Life can be tough in West Africa, and it’s not always easy to make time for sport as a leisure activity. Many people in countries like Liberia and Sierra Leone live a hand-to-mouth existence, mostly by subsistence farming. If you only eat what you harvest, it makes it difficult to justify spending a few hours out on the bike.
Cycling is common in Sierra Leone, but mainly to get from point A to point B. Sometimes with a load of cargo strapped on the back of your bike but not as a competitive sport.
There are a vanishingly small number of proper road bikes in the country. The only supremely popular sport in Sierra Leone is soccer.
For us who live in cycling-crazy countries in North America and Europe, cycling is a pleasurable escape. Unfortunately, it’s not always the same around the world.
These are some of the obstacles that West African cyclists are facing.
1. Access to Equipment
Countries like Sierra Leone represent something of a black hole for bicycles and component brands.
The aggressive taxation of imported items means that many simple objects like a new Shimano cassette would cost twice as much in Sierra Leone. That makes it impossible for a normal citizen to purchase something like that. Who could afford a $60 cassette when they are living on one or two dollars a day.
As a result, everything in Sierra Leone cycling is second-hand equipment. Bikes come in huge shipping containers from the US and the UK, as well as mainland Europe. Frames tend to be made of metal, and spare parts are almost impossible to find. Bikes often have a mix of different brands on as components – Shimano cassette, Campagnolo chain, SRAM crankset.
2. Failing or Non-Existent Federations
National cycling federations are a domestic cyclists’ link to the rest of the world. The UCI (the international governing body of cycling) communicates with the federations representing different countries. If a cyclist is dreaming of riding in the Olympics, it is only possible by being selected by their national federation.
Unfortunately, these federations are unreliable and sometimes operated by corrupt officials. Stories of federation heads accepting bribes in exchange for places on national squads are common. In some cases, the individuals selected are not even cyclists. They simply arrive in whichever country they are ‘competing’ before running away to start a new life in Switzerland or Australia.
3. Hostile Visa Programs
Why would someone run away? Because there are no other legal means by which they could leave their home country. European Governments hold extremely hostile positions toward West African citizens, which makes it almost impossible to get a visa for either work or tourism.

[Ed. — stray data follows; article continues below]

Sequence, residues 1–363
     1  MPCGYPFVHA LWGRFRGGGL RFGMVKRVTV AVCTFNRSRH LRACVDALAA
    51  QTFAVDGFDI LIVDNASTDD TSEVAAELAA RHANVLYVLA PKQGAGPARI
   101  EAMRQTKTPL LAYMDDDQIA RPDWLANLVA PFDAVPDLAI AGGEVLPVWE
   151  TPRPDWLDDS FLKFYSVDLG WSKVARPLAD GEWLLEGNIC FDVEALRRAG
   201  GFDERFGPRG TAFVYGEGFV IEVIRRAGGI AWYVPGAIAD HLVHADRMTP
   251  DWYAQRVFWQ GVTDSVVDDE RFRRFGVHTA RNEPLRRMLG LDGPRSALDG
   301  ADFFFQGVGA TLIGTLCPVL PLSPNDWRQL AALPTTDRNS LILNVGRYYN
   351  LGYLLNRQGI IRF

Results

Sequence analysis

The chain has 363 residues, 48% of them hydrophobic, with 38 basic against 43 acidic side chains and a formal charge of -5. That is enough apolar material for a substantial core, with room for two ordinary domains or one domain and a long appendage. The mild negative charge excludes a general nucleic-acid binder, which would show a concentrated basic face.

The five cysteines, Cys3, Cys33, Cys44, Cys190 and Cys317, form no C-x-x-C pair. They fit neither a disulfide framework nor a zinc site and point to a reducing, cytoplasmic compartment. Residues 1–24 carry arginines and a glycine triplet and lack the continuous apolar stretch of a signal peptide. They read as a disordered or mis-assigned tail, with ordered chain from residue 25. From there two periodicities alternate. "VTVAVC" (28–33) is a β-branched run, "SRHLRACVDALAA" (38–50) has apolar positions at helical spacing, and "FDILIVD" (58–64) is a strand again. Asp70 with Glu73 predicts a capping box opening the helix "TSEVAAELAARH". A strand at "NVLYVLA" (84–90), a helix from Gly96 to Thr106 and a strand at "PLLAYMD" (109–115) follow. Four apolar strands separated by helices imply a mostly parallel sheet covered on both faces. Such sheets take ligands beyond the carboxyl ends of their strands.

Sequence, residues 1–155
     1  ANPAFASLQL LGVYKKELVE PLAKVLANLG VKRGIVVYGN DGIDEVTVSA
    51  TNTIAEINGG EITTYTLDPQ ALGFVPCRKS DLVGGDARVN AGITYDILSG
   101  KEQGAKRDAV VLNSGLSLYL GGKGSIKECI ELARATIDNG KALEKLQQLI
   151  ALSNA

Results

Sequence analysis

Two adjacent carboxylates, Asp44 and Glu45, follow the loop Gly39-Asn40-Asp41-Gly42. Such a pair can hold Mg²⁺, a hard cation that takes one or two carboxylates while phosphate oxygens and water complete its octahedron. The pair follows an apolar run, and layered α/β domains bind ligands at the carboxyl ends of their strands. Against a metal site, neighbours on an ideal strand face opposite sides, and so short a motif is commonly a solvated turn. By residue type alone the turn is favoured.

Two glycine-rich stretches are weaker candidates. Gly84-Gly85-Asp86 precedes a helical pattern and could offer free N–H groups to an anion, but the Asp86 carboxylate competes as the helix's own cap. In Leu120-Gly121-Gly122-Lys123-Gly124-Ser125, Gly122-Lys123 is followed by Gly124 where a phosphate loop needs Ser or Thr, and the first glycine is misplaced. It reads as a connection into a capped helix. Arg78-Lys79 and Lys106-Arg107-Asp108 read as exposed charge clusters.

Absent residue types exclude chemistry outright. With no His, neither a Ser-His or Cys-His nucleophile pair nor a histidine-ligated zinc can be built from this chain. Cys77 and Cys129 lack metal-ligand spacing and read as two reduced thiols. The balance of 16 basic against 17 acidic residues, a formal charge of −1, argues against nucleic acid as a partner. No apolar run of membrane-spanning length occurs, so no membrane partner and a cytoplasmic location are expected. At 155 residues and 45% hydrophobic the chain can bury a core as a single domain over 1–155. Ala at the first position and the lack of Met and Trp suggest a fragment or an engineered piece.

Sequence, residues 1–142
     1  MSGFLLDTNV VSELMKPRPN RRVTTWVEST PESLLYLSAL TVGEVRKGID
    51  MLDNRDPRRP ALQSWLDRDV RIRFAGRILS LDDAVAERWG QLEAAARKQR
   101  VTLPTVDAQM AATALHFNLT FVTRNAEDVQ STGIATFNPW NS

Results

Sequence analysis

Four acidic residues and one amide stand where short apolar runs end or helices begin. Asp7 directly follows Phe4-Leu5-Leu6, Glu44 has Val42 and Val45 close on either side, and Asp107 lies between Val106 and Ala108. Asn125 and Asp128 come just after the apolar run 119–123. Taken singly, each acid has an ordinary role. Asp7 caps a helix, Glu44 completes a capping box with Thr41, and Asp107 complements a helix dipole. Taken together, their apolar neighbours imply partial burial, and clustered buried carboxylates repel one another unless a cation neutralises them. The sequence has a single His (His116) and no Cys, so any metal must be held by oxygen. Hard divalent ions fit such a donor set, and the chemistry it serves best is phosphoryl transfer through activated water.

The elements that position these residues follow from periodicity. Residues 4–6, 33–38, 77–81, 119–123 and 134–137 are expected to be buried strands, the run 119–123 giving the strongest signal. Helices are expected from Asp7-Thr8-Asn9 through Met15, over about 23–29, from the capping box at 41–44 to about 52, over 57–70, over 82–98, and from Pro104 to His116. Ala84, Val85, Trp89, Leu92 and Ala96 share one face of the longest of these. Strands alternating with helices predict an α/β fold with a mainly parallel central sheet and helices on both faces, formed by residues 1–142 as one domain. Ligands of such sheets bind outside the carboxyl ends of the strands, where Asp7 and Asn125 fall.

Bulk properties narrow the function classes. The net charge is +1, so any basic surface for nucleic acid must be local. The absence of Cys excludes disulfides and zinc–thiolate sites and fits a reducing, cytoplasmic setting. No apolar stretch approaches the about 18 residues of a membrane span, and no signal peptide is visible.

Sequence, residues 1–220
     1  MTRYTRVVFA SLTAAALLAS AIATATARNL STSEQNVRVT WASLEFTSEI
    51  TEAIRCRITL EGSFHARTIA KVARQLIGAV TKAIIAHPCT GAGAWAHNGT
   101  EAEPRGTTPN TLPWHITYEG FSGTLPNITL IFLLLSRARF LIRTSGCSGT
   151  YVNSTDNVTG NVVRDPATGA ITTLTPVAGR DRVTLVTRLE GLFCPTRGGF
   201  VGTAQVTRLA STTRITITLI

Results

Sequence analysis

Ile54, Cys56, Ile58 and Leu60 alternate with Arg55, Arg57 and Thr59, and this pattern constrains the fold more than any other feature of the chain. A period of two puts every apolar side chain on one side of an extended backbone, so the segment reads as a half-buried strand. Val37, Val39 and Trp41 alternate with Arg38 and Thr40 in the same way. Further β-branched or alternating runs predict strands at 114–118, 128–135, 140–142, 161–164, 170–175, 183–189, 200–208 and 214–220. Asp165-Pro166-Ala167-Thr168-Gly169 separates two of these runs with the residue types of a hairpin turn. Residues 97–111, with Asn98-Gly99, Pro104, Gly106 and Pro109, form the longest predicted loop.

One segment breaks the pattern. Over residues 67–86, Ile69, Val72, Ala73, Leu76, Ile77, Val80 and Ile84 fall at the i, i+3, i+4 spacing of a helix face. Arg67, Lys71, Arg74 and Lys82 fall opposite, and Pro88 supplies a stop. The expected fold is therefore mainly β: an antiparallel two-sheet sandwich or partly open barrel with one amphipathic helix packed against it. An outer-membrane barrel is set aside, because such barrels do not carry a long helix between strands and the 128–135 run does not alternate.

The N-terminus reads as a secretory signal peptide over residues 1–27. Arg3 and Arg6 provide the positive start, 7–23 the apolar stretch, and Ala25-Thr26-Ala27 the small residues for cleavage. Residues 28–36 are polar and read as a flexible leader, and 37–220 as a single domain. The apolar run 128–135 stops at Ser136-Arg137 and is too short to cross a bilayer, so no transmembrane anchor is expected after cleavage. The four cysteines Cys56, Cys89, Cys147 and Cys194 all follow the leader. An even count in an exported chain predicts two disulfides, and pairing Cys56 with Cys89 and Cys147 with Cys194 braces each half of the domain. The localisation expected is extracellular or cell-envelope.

When riders from Africa do excel, their path to the professional ranks is made much more difficult. Teams that want to employ them as racers must go through the lengthy and complex process of getting them a visa.
In 99% of cases, if a team faces a bunch of extra admin, they are probably going to choose a local rider who is less talented but comes with less baggage.
Often riders from West Africa are only able to get visas to race professionally once they have represented their national team. Unfortunately, because of the problems with federations, getting international experience (and proving you have done so) can be nearly impossible.
4. Competing Demands on Time/Tressure to Support the Family
As we mentioned, many young riders who are interested in cycling, are limited by their obligations and responsibilities at home. The same goes for cyclists who might have a shot at a professional career.
African families often rely on the contribution of all family members of the household. That’s why young cyclists – particularly girls – find it hard to get family support for their cycling. Young talents end up being discouraged or are just too busy working home, and so they leave the sport.
5. Limited Racing and Roads
In countries like Sierra Leone and Liberia, there aren’t many roads to choose from. Tarmac roads are hard to find and most streets have a huge amount of traffic.
Sierra Leone, for example, does not have a motorway/autobahn/highway network, so all the traffic is sharing the same two-lane road with cyclists.
And then there is the lack of races. With little sponsorship in West African cycling, the opportunities to race are few and far between – with most events being grassroots affairs, organized, funded, and kept alive by the cyclists themselves.
To find out more about cycling in Sierra Leone, visit lunsarcycling.com, a club from Sierra Leone.